31 Monsters #27: The Bat-Rat-Spider-Crab
The story of the 1959 sci-fi movie The Angry Red Planet was itself nothing new: astronauts visited Mars, Martians convinced them to leave. But the filmmakers were less lacking in creativity when it came to designing their pissed-off aliens.
Perhaps this was due to the presence of Alex Toth as the film’s storyboard artist. Toth is well-loved by adventure cartoon fans for his character designs on Jonny Quest, Space Ghost and Thundarr the Barbarian, among many others.
Among the denizens of The Angry Red Planet were a spiky, carnivorous planet; a colossal, one-eyed waterborne amoeba; and a 40-foot-tall walking horror colloquially known as “The Bat-Rat-Spider-Crab.” And just as advertised, the latter appeared to be the unholy love child of a zoological four-way: a rat’s body raised on membranous, spidery legs ending in pincer claws.
This unlikely creature (actually a wire-operated marionette) pursued the plucky astronauts across the landscape until one of them thought to shoot it in the face. The poor Bat-Rat-Spider-Crab pathetically attempted to cover its eyes with its tiny rat paws, cursing Darwin for the evolutionary missteps that caused it to sprout such absurdly short arms. Kinda sad, really.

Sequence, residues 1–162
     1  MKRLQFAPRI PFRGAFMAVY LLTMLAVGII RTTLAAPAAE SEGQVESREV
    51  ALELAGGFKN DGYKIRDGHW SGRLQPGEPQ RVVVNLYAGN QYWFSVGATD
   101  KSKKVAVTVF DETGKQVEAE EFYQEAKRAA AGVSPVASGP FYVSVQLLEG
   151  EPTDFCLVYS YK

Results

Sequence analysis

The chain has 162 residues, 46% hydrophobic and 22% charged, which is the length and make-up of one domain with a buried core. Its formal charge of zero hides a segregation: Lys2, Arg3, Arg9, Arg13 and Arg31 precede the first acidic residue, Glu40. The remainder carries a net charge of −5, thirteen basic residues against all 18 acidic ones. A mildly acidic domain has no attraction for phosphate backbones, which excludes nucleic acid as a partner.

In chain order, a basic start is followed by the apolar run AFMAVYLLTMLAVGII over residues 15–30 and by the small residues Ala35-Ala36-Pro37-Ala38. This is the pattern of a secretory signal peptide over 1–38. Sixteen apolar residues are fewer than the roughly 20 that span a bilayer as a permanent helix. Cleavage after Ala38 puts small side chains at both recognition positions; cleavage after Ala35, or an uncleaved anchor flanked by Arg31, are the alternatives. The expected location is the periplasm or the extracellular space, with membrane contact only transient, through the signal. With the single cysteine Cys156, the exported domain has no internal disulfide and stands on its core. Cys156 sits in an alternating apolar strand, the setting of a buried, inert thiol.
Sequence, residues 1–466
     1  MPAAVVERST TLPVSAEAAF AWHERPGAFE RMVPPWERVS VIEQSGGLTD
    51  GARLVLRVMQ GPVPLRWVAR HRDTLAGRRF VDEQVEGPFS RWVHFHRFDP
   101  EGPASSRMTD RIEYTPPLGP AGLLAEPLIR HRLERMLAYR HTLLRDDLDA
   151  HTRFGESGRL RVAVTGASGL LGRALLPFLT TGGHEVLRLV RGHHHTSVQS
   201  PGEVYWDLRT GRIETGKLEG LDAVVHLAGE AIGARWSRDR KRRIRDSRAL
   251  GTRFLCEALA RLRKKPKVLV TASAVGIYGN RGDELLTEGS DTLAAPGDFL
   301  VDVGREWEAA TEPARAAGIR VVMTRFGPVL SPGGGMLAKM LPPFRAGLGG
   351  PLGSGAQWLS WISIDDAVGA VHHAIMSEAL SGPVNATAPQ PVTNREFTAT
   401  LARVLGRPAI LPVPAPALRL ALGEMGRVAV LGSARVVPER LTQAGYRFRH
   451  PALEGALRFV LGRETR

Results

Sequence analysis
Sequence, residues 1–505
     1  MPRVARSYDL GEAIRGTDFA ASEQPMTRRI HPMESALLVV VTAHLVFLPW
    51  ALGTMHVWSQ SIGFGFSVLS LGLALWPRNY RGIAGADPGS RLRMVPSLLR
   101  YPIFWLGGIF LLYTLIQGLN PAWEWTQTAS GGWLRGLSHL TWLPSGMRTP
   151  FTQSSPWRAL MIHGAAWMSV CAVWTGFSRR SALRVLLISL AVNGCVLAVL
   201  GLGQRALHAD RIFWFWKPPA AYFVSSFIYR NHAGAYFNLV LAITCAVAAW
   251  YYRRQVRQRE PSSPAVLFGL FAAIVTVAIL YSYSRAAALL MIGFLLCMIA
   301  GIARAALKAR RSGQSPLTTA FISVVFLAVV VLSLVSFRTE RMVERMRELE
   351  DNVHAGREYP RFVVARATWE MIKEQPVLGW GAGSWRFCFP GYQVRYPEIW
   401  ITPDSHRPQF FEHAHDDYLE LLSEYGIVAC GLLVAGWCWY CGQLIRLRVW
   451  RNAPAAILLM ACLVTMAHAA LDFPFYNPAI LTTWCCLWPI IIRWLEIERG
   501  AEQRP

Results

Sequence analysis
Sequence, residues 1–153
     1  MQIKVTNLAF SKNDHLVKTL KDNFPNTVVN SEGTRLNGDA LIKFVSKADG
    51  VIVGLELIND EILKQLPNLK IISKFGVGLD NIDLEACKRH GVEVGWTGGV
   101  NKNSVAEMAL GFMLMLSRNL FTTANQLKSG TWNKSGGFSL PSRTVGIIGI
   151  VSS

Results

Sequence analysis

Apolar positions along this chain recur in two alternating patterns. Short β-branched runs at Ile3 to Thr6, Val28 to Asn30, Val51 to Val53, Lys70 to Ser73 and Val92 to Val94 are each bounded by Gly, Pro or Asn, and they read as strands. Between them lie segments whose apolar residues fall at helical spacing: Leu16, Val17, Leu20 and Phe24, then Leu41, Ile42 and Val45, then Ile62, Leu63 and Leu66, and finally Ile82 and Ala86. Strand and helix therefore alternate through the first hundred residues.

The Angry Red Planet was also notable for its solarized, red-tinted Martian “exterior” scenes. The process, dubbed “Cinemagic,” was allegedly intended not only to give it a suitably alien look, but to blend the cartoony, hand-painted backgrounds with the live-action humans and puppets.
Producer Sid Pink later went on to make Denmark’s entry in the giant monster sweepstakes: Reptilicus, starring a prehistoric, acid-spitting, winged serpent that chased an entire Danish bicycling club off an open drawbridge. You may be surprised–and possibly disappointed–that I won’t be covering it for this Halloween month retrospective.